TORONTO, April 4, 2014 /CNW/ - The union representing Ontario's
front-line correctional officers says that it appears the Ministry of
Community Safety and Correctional Services (MCSCS) is gearing up for a
strike in "significant fashion" despite the fact they are months away
from contract negotiations.
The Ontario Public Service Employees Union reports that many
correctional facilities are constructing housing accommodations for the
sole purpose of providing temporary living quarters for managers who
would be required to stay at the facilities in the event of a labour
dispute. The Ministry is being secretive about these so-called
"building improvements," taking extreme measures to ensure that
unionized staff are denied access to these areas.
Sudbury Jail, Central North Correctional Centre, Niagara Detention
Centre, Algoma Treatment and Remand Centre, Monteith Correctional
Centre, Thunder Bay Jail, Kenora Jail, Hamilton-Wentworth Detention
Centre, Central East Correctional Centre, Ottawa Carlton Detention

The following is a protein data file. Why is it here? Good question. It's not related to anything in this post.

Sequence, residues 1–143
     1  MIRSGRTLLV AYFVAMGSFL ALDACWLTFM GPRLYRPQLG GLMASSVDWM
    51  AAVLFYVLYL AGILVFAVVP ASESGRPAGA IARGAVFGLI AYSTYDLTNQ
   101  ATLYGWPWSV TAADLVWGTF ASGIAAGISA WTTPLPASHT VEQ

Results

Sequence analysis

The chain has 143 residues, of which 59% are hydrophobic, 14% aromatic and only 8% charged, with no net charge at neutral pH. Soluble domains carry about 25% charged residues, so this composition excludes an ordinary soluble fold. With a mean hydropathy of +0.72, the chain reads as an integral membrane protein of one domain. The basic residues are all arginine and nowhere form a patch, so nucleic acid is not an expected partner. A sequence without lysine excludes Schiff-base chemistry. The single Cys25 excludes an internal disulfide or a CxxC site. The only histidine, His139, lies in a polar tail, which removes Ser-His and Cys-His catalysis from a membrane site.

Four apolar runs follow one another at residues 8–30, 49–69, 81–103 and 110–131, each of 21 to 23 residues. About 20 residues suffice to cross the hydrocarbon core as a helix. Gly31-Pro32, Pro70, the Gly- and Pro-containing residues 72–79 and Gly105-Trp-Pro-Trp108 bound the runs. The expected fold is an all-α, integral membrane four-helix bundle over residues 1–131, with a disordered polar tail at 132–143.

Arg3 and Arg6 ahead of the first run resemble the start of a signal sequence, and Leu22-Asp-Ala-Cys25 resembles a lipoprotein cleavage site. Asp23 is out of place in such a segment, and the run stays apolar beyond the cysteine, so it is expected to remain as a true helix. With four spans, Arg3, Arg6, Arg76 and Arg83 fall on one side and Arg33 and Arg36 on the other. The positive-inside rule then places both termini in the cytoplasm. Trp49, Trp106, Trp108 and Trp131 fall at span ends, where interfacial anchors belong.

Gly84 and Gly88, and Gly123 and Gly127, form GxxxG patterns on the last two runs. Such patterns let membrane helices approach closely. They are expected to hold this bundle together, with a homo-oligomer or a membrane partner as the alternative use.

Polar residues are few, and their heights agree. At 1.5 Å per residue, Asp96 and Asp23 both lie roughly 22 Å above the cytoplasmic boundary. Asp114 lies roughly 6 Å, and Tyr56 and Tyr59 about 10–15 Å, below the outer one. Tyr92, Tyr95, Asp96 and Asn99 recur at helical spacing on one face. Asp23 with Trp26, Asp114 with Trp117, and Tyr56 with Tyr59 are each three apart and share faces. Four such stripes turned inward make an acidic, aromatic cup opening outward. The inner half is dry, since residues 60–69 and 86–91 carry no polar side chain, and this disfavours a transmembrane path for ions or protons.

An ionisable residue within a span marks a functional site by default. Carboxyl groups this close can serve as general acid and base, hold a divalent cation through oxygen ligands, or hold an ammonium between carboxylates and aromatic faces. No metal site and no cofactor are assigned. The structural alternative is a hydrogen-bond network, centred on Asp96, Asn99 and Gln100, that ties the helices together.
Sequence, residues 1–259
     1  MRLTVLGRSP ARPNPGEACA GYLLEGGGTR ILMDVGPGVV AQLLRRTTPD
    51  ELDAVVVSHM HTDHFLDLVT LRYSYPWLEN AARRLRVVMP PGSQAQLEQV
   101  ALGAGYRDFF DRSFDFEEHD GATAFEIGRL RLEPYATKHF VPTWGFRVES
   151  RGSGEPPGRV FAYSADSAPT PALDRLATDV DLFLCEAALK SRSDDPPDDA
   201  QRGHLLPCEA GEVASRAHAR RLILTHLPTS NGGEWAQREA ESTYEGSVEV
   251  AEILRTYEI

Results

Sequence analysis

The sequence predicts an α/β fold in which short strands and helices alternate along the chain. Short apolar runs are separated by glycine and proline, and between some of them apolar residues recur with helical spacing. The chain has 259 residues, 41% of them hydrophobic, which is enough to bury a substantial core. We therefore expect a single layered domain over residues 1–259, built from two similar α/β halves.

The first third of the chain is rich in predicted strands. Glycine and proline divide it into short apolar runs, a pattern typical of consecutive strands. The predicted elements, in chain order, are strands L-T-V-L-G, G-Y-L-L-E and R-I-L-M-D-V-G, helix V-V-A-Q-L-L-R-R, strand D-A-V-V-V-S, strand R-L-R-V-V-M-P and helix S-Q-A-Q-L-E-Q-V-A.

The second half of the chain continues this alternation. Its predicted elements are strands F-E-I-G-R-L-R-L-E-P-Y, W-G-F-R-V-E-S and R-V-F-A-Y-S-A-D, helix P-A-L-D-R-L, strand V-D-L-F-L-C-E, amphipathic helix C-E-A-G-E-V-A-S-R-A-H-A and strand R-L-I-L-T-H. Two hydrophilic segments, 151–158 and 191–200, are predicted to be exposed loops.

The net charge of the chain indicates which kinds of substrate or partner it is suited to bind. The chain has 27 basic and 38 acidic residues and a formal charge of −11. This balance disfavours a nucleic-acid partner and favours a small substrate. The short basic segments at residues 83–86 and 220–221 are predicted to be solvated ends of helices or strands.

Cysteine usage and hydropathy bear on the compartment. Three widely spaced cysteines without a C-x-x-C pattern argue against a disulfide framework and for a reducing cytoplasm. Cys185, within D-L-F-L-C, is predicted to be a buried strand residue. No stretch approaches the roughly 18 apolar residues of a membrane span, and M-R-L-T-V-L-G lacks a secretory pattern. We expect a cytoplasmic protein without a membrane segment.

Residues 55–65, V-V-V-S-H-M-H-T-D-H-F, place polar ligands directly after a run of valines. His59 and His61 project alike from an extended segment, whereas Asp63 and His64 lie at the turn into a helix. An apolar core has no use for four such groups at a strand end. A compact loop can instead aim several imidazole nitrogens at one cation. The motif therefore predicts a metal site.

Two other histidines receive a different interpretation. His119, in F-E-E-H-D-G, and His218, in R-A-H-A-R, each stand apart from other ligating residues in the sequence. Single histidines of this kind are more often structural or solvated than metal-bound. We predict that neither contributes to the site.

Centre, Maplehurst Correctional Centre and Vanier Centre for Women have
all confirmed that they have received, or are receiving, significant
construction. Many others report that construction is pending at their
institutions. None of this construction will be used for additional
staff space or an increase to inmate beds.
Dan Sidsworth, the elected representative for correctional members, says
that it appears the Ministry has already decided it won't negotiate in
good faith when bargaining begins. "The current collective agreement is
not due to expire until the end of December 2014," Sidsworth said.
"This can only mean one thing: The Ministry's intent is to 'draw a line
in the sand' and lock-out correctional officers before it even knows
what issues are on the bargaining table."
Chris Jackel, President of Local 369 at Central North Correctional
Centre in Penetanguishene, said that after the 2002 strike the
managers' biggest complaint was the poor living conditions they had to
endure. "It seems as though the Government is doing something about it
this time," he said.
OPSEU President Warren (Smokey) Thomas said the Ministry should be
spending money on increasing inmate beds and improving working
conditions in the facilities instead of spending money preparing for a
dispute. "The cost of the managers' strike accommodations is estimated
to be over $500,000," Thomas said. "If they took that money and
invested it in their front-line staff and facilities, it would go a
long way in ensuring there weren't any future labour disputes."
For further information:
Warren (Smokey) Thomas 416-443-8888
Dan Sidsworth 905-691-7955